In his important book, Render Unto Caesar, Archbishop Charles Chaput of Denver explores the challenges facing Catholics as citizens in modern America. Every Catholic should read this book, and wrestle with the issues he raises. We are, I believe, approaching a watershed moment in American history, where we Catholics — and we as a Church — must confront some hard questions about the legal regime under which we live.
To that end, I would like to reflect on a quotation from Cardinal Avery Dulles that Archbishop Chaput cites:
“the greatest danger facing the Church in our country today is that of an excessive and indiscreet accommodation.”
There is a strong movement afoot, typically couched in terms of finding “common ground”, that calls upon us Catholics to seek ways of dealing with our government on public issues, despite our differences over abortion, same-sex “marriage”, and other intrinsic moral evils. In many ways, we are being asked to set these issue aside, and to “dialogue” about other matters.
“Dialogue” and “civility” are important, and we are morally bound to respect our rulers and to do our civic duty. But this is a very dangerous road to proceed along, for it leads to the “excessive and indiscreet accommodation” warned against by Cardinal Dulles.
All too often, this “common ground” approach is an inducement to have us shake our heads sadly and say, “alas about this injustice about abortion and so forth, but let’s move on to talk about immigration, or some other more interesting thing”. All too often, Catholics in the public square, especially those who are putting forward this “common ground” approach, fail to emphasize enough — or even state at all — that the laws permitting abortion (and same-sex marriage, euthanasia, and other intrinsically evil things) are not laws at all. They are contrary to the natural moral law, they are not valid, we cannot accept or acquiesce in them, we must never cooperate in them or aid in their enforcement.
This “common ground” approach is an attempt to seduce us to consent implicitly to an illegitimate legal regime, in which an entire class of human beings is excluded from basic justice, in which the reality of marriage is being replaced by a sham, and in which the religious liberties of the Church and of individuals is being gradually diminished. What “common ground” can we have with injustice, with iniquity, with cruelty? How can we accommodate ourselves to that?
You may remember, several years ago, the magazine First Things hosted a symposium entitled “The End of Democracy?”. It was an effort to raise some difficult questions about our legal and political system, in which momentous decisions about life and justice were being made by non-democratic means, in violation of the natural moral law. This is a discussion that really needs to be re-visited in these days.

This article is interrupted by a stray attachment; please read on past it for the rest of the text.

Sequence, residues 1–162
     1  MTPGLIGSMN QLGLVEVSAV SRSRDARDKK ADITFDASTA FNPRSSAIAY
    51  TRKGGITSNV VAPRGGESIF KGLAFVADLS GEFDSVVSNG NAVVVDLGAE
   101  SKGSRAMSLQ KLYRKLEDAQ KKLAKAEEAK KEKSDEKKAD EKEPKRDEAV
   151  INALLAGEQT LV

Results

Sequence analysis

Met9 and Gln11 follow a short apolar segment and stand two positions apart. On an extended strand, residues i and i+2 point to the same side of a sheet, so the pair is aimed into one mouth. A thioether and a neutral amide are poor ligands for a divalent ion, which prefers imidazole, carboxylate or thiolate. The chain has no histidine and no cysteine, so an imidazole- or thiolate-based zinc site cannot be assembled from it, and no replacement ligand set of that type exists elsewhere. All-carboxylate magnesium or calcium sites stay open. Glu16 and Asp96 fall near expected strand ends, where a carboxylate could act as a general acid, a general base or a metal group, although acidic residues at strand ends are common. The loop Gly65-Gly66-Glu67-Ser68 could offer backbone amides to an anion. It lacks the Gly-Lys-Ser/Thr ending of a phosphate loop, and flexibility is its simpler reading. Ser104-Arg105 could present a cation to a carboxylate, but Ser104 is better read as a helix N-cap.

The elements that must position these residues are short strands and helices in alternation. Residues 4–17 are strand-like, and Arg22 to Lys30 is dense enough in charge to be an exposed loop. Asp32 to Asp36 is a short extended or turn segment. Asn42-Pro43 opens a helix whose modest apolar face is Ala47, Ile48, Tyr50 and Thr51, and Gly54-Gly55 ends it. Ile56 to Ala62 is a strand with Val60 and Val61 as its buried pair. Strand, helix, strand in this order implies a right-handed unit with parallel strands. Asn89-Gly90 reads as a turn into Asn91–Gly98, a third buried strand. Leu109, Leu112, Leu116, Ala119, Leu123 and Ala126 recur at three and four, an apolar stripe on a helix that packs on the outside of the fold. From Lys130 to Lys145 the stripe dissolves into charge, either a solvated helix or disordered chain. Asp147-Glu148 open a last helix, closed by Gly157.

To put things bluntly, the question raised by that symposium, and implicitly by Archbishop Chaput, is this: to what extent are we permitted in conscience to continue to give our consent to a government that has enacted profoundly unjust and wicked laws, especially when it has done so in an illegitimate way (i.e., through judicial fiat rather than through the democratic process)? When faced with that situation, what is to be done?
In his great encyclical, Evangelium Vitae, Pope John Paul II wrote:
Abortion and euthanasia are thus crimes which no human law can claim to legitimize. There is no obligation in conscience to obey such laws; instead there is a grave and clear obligation to oppose them by conscientious objection… In the case of an intrinsically unjust law, such as a law permitting abortion or euthanasia, it is therefore never licit to obey it, or to “take part in a propaganda campaign in favour of such a law, or vote for it”… Christians, like all people of good will, are called upon under grave obligation of conscience not to cooperate formally in practices which, even if permitted by civil legislation, are contrary to God’s law. Indeed, from the moral standpoint, it is never licit to cooperate formally in evil. (73-74)
The proper response here is not accommodation to a legal regime that offends against the moral law, but resistance by all lawful means. This includes refusing to support candidates or public officials who are supporters of the status quo, and refusing to be apologists for them. It means that the defense of fundamental moral norms has to be the primary, and uncompromising, priority for the Church and for individual Catholics. These issues are not bargaining chips to be traded away, or extras to be added once we get government funding for our institutions. They have to be on the table all the time.
This is an essential part of having an authentic Catholic identity. We are not called by Christ to accommodate ourselves to the culture in which we happen to live. Rather, we are called to transform our culture in light of the Gospel of Christ.